Researchers from four Faculties presented their research at the recent Building Healthy Lives and Communities Research Celebration, organized by the Office of Vice-President Research and Innovation, touching on everything from healthy aging and poverty to using technology to prevent bed sores.
The research celebration brought together York University professors with expertise in many different fields with a shared passion for health and improving the quality of life in the community. The talk took place on Nov. 24 in the lobby of the Lassonde School of Engineering where panellists addressed the question “How do we build healthier communities?”
“We look forward to the discussion addressing how we can build healthier communities and, in particular, building upon the concept of healthy lives and communities – one of our six core areas of comprehensive research strengths described in our strategic research plan that is helping us to further develop our national and international profile as a leading research institution,” said Robert Haché, vice-president research and innovation, in welcoming guests to the event.
Professor Harris Ali of the Faculty of Environmental Studies spoke about his research on environment and community health, and the need for adopting a more holistic approach to community health, beyond the biomedical approach, that emphasizes the role played by the interconnection of social and environmental factors in health.
“Health statistics will tell you what afflictions people have and the number of people who have them, but not the environmental causes,” said Ali. He cited the examples of mercury poisoning at Grassy Meadows Ontario, the tarsands in Alberta and the Sydney tar ponds in Nova Scotia caused by commercial and industrial activity aided by political decisions. To go forward, there needs to be an adoption of the precautionary principle, an example of which would see us move from our current polluter pays approach to a polluter proves approach, said Ali. He also called for the democratization of medical knowledge incorporating local, contextualized knowledge.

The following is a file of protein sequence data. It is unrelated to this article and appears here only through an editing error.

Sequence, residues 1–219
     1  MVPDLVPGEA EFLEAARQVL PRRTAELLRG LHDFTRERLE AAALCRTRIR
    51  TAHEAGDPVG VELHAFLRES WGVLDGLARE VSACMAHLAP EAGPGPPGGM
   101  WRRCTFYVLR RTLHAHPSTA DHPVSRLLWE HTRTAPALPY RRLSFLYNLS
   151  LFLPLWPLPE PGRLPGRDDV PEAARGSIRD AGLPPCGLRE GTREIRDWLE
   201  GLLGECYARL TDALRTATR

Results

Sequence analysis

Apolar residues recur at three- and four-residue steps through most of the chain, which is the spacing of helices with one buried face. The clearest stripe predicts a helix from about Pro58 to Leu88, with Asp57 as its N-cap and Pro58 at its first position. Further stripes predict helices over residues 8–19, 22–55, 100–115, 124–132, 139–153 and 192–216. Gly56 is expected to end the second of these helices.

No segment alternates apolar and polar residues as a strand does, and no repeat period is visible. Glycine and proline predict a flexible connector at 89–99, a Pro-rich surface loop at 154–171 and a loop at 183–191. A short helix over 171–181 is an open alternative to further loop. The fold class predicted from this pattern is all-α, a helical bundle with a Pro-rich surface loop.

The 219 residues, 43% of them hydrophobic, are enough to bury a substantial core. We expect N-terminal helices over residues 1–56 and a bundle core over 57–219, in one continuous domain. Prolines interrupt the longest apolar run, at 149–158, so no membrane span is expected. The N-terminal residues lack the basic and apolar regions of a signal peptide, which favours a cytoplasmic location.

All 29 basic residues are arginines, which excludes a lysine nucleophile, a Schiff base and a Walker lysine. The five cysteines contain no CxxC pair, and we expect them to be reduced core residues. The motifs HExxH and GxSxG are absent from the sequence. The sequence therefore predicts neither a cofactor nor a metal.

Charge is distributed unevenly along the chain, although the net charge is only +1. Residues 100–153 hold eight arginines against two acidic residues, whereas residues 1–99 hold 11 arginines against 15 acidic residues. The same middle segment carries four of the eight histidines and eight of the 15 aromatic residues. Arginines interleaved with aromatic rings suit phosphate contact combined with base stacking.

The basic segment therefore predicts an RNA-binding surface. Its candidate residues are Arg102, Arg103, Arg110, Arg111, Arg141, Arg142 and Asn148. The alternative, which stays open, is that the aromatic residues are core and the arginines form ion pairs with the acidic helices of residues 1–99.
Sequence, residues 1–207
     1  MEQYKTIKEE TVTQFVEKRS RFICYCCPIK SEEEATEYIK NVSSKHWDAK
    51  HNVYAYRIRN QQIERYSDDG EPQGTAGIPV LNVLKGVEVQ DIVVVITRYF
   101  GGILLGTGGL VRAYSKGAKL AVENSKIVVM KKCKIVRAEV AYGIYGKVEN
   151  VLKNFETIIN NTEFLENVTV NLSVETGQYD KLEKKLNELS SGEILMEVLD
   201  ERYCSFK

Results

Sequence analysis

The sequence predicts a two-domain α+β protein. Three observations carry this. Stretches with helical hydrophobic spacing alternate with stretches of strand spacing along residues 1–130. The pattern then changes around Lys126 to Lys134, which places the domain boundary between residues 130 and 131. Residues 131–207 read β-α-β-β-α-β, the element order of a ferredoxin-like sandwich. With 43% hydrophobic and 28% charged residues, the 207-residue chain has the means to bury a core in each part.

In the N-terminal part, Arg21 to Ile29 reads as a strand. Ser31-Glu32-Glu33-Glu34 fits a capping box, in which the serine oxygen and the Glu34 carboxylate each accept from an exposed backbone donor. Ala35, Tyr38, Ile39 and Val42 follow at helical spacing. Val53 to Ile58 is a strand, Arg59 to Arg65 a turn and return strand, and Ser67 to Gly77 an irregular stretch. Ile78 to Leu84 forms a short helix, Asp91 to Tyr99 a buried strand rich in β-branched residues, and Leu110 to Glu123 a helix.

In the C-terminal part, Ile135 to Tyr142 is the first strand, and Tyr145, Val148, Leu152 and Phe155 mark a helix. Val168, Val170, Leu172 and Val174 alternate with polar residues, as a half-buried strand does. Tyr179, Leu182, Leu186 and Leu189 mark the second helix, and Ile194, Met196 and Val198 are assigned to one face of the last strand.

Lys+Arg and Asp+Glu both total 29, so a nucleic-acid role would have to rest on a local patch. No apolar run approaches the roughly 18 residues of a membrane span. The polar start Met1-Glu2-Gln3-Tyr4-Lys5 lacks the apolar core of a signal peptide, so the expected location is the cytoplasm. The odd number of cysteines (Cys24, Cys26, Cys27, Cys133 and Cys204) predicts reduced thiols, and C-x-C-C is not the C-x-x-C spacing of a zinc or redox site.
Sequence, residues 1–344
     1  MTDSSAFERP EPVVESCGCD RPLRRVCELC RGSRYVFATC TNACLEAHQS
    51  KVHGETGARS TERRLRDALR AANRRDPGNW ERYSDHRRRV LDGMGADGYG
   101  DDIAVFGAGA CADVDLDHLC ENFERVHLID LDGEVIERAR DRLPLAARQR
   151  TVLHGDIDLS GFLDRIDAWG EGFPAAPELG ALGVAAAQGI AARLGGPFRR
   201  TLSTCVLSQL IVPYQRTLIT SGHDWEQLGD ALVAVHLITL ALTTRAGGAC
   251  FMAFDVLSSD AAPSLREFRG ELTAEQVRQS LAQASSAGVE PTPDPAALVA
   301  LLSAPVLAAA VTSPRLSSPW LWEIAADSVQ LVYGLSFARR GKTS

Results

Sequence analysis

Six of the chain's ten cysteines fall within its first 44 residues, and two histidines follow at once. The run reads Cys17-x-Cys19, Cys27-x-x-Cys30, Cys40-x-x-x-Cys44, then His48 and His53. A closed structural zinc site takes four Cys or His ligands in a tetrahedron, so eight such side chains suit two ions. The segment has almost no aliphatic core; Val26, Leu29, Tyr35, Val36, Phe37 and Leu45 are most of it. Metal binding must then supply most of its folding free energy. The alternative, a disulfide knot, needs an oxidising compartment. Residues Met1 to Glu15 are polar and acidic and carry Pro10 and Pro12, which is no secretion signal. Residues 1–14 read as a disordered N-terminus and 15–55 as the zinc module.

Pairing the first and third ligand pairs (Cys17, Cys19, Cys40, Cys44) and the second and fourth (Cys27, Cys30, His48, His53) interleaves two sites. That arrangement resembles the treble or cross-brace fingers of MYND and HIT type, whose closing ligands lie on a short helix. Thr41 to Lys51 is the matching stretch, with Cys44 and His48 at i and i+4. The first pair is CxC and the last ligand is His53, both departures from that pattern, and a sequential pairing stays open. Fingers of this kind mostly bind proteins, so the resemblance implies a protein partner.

Pat Armstrong of the Department of Sociology spoke about healthy aging in residential places, specifically the need to develop a new definition of aging and healthy aging to include those who reside in long-term residential care. Long-term care facilities need to be more welcoming for residents by creating a home atmosphere, said Armstrong. This might include changing the way their food is served, creating roles for residents in their facility or finding different ways they can remain happy and healthy.
Armstrong said the use of music and dancing greatly helps residents by reducing their anger. She also says that creating an enjoyable mealtime experience is especially significant. “It is important to have appealing food and food encounters,” she said, citing other jurisdictions where residents do not wear bibs for a more dignified dining experience. Where feasible, other possibilities include serving meals in residents’ rooms or inviting other residents to set the table, which for some is a source of comfort as it reminds them of home.
Angelo Belcastro, chair of the school of Kinesiology and Health Science in the Faculty of Health, spoke about his research on using guided active play to increase physical activity in children. Belcastro uses self-paced games to establish physical activity trends in children. His research finds that the number of children meeting the daily requirements for daily activity is low.
His solution is to develop physical activity guidelines for children, and attempt to raise physical activity levels. Children are active for less than 25 per cent of physical education class, Belcastro said, and the level of intensity in community-provided programs is insufficient. To increase the amount of physical activity, kids need to enjoy it and be motivated to keep going with it. As part of Belcastro’s research, he runs a research-informed, guided active play program called “KIN Kids,” in which kinesiology and health science students develop the games with participating children and their parents. The program takes place at Driftwood Recreation Centre in the Jane and Finch community. Belcastro hopes to investigate the long-term effects and benefits of healthy active play, and follow up with children who have been in the program for years.